Friday, June 13, 2014

College Athletics: Cui Bono?

This Strange Marriage of Athletics and Academics

This week I've been considering the place of sports on American university and college campuses. (See here and here for the other pieces I've written on this this week.)

If you grow up here, it doesn't seem at all strange, because it's simply how things are.  But a little reflection suggests that the juxtaposition of academics and athletics is a little strange.

I say it is "a little" strange because throughout the ages thoughtful people have said that the two complement each other.  Plato's Republic discusses the relationship between gymnastics for the body and philosophy for the mind, for instance. Of course, Plato, famous for his irony, is never wholly straightforward, and the target he is aiming at is probably something else, but the characters in his dialogue act as though bodily exercise and mental exercise are related.

Walking, Playing, and Thinking

One of Socrates' other students, Xenophon, wrote in his Cynegetica that the best education comes through learning to hunt, and that book-learning should only come after a boy has learned the art of coursing with hounds, and practiced it in the country.   And there are many others who tell us that moving our bodies and learning go together: Maria Montessori reminds us that the work of children is play.  Philosophers as diverse as Aristotle, Nietzsche, C.S. Lewis, Henry Thoreau and Charles S. Peirce tell us that walking and thinking are natural companions.

So the strangeness of the marriage of learning and playing is not the hypothesis that the body and the mind work both need exercise.  The strangeness is the way we pursue - or, just as often, fail to pursue - that hypothesis.  We are told that movement helps us think, and that playing team sports teaches us virtue.  If all that is true, then why do we not encourage all students to play sports? 

The Irony: We Do Not Practice As We Preach

Speaking of irony, consider this: What we claim and what we actually do are at odds with one another.  We say sports are good for everyone, then we expect coaches to eliminate all but the best athletes from their instruction.  Rather than advertising our schools as places where students can get an excellent physical education we expect our coaches to travel far and wide to recruit only the best athletes, i.e. those who need the least instruction and who are most likely to win competitions.  It is fairly obvious that, rather than using athletics as a means of inculcating virtue and fostering better thinking, we use athletics to gain honor through victories.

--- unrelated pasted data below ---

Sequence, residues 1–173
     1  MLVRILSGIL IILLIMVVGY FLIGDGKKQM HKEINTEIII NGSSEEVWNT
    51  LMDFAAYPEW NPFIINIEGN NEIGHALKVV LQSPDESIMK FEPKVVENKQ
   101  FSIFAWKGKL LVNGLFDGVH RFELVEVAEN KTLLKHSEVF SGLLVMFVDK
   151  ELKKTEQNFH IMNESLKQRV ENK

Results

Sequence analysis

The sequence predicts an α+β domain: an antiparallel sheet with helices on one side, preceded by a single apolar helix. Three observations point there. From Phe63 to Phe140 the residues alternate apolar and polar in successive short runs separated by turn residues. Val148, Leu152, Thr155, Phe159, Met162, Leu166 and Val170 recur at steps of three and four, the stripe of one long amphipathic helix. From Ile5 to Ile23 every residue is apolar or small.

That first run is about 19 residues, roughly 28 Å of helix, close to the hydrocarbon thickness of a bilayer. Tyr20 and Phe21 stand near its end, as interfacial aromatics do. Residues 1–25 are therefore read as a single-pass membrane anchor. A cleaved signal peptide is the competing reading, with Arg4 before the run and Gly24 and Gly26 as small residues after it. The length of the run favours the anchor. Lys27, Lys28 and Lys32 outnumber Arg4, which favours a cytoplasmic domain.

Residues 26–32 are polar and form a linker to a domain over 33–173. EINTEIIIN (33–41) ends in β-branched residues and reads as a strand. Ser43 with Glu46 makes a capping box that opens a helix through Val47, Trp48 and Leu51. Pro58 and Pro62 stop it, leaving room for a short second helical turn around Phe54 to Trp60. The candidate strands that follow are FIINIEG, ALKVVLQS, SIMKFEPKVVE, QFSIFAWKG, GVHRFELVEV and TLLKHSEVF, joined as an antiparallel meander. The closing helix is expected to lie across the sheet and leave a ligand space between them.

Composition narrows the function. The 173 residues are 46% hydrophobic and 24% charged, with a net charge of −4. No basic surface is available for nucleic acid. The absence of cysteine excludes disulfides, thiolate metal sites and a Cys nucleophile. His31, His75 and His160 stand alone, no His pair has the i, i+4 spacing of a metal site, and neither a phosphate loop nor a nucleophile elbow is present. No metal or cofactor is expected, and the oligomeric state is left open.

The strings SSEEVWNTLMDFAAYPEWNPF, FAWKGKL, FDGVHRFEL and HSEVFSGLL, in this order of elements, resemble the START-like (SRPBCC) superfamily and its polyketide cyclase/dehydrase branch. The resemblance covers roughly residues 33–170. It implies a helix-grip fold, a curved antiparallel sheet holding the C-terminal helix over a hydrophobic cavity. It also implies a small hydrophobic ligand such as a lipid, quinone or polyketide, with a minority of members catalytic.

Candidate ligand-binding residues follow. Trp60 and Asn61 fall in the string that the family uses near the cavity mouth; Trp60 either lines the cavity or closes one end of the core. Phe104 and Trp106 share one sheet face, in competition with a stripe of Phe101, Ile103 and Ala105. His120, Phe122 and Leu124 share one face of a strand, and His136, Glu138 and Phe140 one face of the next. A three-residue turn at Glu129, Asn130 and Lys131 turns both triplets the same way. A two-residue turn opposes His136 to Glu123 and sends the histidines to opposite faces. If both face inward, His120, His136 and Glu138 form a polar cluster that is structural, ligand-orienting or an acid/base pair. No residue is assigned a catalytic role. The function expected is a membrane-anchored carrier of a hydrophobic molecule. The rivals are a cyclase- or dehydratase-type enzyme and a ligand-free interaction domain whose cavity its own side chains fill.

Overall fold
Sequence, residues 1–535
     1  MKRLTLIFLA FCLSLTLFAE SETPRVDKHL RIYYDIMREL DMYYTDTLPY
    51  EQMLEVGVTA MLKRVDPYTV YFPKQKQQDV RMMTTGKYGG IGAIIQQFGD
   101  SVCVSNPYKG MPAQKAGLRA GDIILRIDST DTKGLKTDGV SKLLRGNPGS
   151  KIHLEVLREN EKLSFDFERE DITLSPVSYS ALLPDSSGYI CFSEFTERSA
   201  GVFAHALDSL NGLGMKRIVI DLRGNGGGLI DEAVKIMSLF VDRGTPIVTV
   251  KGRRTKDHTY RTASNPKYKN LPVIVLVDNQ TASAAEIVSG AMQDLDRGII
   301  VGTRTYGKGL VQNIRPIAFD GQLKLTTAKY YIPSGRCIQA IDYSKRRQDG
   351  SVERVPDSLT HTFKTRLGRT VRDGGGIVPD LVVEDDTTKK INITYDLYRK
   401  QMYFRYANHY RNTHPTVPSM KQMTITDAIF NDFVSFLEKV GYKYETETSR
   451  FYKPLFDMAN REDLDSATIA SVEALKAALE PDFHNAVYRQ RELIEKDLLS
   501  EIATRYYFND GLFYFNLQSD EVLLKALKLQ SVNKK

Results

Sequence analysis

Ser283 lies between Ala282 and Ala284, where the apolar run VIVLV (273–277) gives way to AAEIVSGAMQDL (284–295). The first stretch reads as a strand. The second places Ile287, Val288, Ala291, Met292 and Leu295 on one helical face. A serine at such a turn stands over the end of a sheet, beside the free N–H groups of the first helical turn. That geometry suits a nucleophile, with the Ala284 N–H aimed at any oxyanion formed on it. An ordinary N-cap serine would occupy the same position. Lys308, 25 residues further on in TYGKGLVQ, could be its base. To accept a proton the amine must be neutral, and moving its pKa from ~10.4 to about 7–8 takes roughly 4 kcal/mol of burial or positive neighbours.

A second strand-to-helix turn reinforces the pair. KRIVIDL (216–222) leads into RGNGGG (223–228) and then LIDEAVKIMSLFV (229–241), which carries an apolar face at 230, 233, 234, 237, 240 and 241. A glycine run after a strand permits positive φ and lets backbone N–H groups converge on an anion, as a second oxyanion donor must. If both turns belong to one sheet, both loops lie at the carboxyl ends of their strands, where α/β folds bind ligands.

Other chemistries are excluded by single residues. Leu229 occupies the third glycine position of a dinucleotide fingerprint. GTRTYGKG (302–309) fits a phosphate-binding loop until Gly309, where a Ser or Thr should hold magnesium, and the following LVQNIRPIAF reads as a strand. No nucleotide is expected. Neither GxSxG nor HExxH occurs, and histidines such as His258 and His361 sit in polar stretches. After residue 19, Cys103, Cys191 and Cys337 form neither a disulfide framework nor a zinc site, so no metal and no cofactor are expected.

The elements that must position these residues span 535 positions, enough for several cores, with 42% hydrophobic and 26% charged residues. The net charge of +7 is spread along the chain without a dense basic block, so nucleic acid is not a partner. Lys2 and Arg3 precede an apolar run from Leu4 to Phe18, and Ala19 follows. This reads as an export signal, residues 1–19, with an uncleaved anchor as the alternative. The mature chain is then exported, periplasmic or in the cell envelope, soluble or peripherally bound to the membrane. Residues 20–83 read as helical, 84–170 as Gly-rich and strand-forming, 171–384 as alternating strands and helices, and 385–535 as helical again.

And of course, this is obvious to us.  We want to win games because winning is a form of advertising.  For good or ill, we accept the fact that high school students will often choose our school in order to participate in the glory of competitions won.  But we continue to give the other justifications for participation in athletics, perhaps because we perceive that it would be crass to come right out and say "Come to our college and bask in the glory won by others.  It will thrill you, and it might help your job prospects," or "We hope that the victories of our athletes will help us to raise money from people who won't give unless we are winning games."

I don't want to be cynical about this.  As I have suggested above and said directly in my previous posts, I'm in favor of athleticism.  What troubles me about it is the way that certain college sports become increasingly professionalized.  Why, after all, are student athletes considering unionizing?  That's something employees do, not students.

Let Everyone Learn To Play

My conclusion is not to push for the elimination of college athletics, but for athletics to be brought more into line with the best reasons for preserving it.  If playful exercise makes us better people and better students, then let's urge more students to play.  Let's give less attention to inter-collegiate competition and more attention to teaching lifetime sports that will allow our alumni to enjoy the benefits of physical activity for the remainder of their lives.  Let's teach poorer students to play golf so that when they enter the business world they aren't at a disadvantage when deals are made on the fairway.  Let's teach everyone to swim.  Let's take all our students on walks - serious walks, cross-country walks.  Let's teach them what Thoreau calls the art of sauntering.

Playful activity takes many forms.  We should resist the temptation to think of it as the pursuit of a ball.  Swimming, hiking, rock climbing, Tai Chi, dance, yoga, and numerous other activities have the same moral and intellectual benefits as team sports.  There should be as many opportunities for vigorous play as there are bodies.

Some of my friends have balked at this, understandably.  Not all of us are athletic, or at least not all of us feel athletic.  But I think a good deal of this is because many of us learned about athletics in a victory-oriented environment. That environment fosters a narrow and shallow view of the active human life.  We may not all be quarterbacks, point guards, shortstops, or strikers, but all of us can be active within the limits of the bodies we have been given.  If activity is good for us, then we should treat it as good for all of us.  Play should not be limited to the activity of a few for the thrill of the inactive many.  Play should be, as Peirce said, "a lively exercise of our powers," whatever those powers may be.  And it should be a delight.

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